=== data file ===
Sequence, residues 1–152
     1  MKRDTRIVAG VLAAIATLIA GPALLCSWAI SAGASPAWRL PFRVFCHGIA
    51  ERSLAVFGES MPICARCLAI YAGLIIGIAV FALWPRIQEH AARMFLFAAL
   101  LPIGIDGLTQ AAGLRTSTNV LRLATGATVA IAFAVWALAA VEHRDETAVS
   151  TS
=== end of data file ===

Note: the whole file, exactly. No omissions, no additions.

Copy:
Sequence, residues 1–152
     1  MKRDTRIVAG VLAAIATLIA GPALLCSWAI SAGASPAWRL PFRVFCHGIA
    51  ERSLAVFGES MPICARCLAI YAGLIIGIAV FALWPRIQEH AARMFLFAAL
   101  LPIGIDGLTQ AAGLRTSTNV LRLATGATVA IAFAVWALAA VEHRDETAVS
   151  TS